The Flora and Fauna
British naturalist A. R. Wallace (1823-1931) postulated an
imaginary line (named after him Walace's Line) as the dividing
line between Asiatic and Australian fauna. It passes between Bali
and Lombok islands between Kalimantan and Sulawesi, then continues
south of the Philippines and north of Hawaii.
This theory probably explains the presence of species of fauna familiar
to both Asia and Australia found in Indonesia. However, there are
species indigenous to Indonesia, like the "orang utan"
apes of Sumatra and Kalimantan, the giant "komodo" lizards
which are the only ones of their kind in the world today roaming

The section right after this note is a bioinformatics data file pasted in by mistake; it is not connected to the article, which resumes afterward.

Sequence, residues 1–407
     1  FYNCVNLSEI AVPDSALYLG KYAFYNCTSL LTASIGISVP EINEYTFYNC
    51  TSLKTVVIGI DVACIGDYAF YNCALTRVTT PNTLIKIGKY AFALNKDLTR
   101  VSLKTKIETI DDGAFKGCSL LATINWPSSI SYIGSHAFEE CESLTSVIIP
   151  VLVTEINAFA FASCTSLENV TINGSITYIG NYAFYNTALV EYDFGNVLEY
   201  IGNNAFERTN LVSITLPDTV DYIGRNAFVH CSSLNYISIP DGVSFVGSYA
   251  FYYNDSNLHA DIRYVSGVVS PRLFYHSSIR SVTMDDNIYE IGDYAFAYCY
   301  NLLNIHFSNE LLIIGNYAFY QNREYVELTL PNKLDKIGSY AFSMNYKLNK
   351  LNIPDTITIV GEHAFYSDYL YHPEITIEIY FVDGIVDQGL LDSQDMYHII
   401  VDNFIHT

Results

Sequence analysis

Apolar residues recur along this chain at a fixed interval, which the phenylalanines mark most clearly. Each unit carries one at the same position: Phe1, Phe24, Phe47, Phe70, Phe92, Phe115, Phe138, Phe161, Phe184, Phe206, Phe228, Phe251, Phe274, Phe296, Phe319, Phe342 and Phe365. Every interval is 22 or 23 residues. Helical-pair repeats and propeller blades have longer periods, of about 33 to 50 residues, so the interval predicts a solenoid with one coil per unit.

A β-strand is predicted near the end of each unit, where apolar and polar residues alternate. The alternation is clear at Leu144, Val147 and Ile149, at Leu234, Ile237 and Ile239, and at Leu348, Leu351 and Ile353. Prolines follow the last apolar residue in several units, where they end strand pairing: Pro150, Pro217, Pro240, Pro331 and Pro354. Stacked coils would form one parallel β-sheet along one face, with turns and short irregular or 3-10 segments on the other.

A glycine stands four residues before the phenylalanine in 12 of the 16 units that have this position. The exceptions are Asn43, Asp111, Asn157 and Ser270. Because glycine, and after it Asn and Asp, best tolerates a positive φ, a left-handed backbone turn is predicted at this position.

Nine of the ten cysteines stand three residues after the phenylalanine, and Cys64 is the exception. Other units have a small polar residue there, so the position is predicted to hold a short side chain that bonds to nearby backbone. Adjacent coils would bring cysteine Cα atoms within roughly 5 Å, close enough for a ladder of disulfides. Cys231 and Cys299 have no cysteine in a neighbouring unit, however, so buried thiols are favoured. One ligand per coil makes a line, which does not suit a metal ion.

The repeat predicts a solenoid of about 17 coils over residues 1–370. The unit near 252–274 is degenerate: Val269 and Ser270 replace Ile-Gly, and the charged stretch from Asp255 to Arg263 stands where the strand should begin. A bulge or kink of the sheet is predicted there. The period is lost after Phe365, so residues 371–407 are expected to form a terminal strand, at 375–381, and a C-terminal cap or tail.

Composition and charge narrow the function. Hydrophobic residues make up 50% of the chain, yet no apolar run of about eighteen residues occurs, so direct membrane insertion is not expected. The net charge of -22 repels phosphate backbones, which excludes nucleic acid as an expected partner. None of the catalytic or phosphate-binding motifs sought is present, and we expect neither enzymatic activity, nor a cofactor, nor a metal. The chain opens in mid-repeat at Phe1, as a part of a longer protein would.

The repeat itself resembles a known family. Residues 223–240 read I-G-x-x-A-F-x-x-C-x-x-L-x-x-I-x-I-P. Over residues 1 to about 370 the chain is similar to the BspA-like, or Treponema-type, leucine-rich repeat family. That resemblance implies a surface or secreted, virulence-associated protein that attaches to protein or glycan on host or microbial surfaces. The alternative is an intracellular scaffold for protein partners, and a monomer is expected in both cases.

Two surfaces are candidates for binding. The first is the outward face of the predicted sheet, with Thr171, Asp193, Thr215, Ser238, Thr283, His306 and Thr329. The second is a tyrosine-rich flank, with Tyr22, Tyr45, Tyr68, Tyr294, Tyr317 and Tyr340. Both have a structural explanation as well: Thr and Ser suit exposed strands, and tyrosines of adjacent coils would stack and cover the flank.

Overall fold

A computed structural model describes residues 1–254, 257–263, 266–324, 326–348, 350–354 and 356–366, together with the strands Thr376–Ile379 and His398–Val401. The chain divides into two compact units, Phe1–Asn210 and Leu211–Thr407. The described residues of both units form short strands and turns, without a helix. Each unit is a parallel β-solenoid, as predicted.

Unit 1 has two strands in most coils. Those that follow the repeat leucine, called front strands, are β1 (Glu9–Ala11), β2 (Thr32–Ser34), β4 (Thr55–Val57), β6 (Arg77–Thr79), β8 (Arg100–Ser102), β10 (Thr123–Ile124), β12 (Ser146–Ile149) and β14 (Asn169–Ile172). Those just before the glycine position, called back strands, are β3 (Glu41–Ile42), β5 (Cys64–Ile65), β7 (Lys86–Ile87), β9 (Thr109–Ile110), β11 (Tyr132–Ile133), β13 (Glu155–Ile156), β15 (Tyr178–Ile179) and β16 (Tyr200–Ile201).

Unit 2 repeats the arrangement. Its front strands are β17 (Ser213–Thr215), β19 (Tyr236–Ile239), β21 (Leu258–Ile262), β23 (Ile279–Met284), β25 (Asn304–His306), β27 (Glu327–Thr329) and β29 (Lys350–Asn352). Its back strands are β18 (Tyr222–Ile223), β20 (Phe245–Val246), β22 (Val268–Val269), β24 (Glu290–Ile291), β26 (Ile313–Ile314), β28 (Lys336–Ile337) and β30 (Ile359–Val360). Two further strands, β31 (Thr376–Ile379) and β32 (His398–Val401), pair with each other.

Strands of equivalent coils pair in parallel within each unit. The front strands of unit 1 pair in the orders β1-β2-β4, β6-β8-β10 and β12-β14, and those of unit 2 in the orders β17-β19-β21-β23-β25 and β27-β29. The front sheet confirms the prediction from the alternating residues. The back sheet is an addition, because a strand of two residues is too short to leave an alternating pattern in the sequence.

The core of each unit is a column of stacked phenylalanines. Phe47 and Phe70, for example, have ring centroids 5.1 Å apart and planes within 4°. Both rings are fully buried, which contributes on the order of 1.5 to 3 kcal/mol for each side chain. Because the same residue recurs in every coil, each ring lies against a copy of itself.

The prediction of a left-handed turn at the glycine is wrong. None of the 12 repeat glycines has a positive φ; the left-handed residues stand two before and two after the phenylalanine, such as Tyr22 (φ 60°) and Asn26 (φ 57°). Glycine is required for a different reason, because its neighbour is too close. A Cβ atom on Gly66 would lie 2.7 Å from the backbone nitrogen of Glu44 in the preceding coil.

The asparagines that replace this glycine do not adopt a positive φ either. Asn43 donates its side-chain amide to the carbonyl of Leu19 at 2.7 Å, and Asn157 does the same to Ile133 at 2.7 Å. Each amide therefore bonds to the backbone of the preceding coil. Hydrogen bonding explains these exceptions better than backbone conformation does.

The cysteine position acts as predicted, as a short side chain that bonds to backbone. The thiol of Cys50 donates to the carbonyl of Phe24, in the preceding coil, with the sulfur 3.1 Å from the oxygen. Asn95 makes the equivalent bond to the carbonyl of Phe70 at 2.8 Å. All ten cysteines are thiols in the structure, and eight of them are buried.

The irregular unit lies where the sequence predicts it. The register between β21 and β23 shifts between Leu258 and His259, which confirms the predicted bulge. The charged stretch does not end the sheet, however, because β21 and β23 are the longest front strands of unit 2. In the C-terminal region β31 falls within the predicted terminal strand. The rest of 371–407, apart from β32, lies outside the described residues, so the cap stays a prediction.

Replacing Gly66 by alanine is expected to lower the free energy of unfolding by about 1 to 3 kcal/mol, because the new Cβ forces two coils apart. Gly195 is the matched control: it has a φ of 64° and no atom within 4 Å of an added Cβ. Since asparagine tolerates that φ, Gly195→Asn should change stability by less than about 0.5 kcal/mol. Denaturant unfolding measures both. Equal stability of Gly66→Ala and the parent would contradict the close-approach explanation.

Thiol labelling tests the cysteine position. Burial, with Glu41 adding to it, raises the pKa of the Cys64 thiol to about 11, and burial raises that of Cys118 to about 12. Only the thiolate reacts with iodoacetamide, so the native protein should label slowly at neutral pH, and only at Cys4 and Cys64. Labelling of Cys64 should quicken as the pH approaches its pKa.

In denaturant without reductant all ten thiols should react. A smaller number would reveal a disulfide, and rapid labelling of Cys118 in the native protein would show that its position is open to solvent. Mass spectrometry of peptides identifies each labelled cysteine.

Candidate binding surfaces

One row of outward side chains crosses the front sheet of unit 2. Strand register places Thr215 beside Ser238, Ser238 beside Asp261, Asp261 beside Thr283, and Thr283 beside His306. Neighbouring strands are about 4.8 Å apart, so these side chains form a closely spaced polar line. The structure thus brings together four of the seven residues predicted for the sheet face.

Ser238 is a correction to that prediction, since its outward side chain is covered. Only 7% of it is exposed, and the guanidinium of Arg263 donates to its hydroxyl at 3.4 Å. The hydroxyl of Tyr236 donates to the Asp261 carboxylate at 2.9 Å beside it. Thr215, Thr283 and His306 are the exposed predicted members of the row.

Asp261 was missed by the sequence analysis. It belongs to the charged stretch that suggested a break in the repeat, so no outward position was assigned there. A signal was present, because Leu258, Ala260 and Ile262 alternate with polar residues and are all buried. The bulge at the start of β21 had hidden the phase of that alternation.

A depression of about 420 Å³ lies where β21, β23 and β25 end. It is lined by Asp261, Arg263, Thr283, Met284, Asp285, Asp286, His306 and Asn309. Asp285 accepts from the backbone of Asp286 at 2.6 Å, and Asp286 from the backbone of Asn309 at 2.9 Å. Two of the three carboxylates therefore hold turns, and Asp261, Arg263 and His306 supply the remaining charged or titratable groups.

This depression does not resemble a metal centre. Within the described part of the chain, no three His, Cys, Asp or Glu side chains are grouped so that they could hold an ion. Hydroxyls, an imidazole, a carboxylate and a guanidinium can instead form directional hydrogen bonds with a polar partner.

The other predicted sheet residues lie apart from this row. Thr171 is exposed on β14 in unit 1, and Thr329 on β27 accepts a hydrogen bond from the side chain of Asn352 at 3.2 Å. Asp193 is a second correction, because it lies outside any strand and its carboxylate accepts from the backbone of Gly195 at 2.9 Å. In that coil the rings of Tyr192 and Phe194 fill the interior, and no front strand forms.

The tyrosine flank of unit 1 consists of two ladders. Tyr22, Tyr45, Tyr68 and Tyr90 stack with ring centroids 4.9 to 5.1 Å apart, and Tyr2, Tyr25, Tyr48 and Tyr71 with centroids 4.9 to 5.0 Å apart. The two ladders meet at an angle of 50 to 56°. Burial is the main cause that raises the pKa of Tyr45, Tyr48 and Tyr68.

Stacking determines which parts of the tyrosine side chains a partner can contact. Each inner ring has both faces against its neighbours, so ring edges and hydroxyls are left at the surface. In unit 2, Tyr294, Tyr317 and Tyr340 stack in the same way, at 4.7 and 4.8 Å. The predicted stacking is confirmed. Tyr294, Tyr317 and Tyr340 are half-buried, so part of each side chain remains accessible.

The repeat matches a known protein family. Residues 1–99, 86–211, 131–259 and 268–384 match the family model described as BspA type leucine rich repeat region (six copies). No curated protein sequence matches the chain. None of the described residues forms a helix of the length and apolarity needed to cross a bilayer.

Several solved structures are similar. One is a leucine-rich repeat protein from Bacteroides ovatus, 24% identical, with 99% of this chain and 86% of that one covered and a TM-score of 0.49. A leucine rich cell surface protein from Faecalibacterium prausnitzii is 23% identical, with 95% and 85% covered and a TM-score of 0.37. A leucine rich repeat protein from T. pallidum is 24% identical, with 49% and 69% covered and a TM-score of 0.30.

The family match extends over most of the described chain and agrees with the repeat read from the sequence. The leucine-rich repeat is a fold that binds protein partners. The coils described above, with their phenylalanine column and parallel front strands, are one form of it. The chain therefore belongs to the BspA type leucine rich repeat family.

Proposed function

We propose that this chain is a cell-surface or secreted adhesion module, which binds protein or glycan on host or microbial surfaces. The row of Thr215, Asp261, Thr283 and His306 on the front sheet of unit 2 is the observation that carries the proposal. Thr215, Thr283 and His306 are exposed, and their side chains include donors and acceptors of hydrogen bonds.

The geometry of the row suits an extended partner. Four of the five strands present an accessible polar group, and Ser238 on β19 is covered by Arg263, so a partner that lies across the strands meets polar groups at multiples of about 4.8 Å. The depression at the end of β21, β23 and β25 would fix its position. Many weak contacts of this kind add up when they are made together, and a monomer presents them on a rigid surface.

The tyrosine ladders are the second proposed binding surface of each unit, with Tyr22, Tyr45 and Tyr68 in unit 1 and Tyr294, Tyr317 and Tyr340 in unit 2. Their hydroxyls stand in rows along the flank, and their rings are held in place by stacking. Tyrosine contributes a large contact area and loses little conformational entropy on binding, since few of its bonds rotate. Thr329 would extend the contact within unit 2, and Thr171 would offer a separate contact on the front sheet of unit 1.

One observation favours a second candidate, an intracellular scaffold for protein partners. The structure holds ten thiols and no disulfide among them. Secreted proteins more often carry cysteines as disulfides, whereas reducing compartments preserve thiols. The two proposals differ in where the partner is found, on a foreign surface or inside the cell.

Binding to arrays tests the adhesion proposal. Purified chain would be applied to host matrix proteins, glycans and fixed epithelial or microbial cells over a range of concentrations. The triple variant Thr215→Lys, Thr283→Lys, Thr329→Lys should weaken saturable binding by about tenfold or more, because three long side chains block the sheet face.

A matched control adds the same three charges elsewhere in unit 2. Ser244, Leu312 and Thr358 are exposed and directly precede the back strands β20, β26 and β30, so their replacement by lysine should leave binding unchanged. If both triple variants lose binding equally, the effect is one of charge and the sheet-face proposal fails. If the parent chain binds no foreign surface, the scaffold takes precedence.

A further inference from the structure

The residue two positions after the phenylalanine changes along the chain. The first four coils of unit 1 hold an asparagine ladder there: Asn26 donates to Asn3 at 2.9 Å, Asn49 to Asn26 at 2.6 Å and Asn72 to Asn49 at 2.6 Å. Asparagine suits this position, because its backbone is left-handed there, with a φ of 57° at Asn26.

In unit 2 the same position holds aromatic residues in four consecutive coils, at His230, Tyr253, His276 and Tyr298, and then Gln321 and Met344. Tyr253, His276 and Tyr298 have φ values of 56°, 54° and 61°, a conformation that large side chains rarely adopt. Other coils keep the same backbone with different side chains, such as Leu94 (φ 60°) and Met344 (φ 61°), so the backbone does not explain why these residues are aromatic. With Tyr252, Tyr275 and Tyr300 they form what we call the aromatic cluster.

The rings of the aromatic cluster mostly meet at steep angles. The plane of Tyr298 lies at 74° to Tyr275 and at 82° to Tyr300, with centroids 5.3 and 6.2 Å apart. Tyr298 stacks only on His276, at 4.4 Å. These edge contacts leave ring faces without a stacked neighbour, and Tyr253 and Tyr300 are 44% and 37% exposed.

free on the island of Komodo; the one homed rhinoceros of Java,
the wild "banteng" oxen, tigers and many other species
which are now protected in wildlife reserves.
The flora of Indonesia ranges from the tiny orchid to the giant
"Rafflesia" plant which has a bloom almost a metre (3.2
feet) in diameter the largest flower in the world and many other
species of plant life which can be seen at the Bogor Botanical Gardens.
Agricultural produce include rubber, coconut, coffee, tea, cocoa,
corn, spices, kapok, tobacco, rice, etc. and an abundance of vegetable
and fruit. Indonesia has some of the richest timber resources in
the world and the largest concentration of tropical hardwoods. The
total area of statecontrolled forests is approximately 12,9 million
hectares. Meranti constitues about 56% of the entire timber export.
Other varieties include ramin, agathis, teak, pinewood and a range
of other timber is smaller quantity, rattan and bamboo.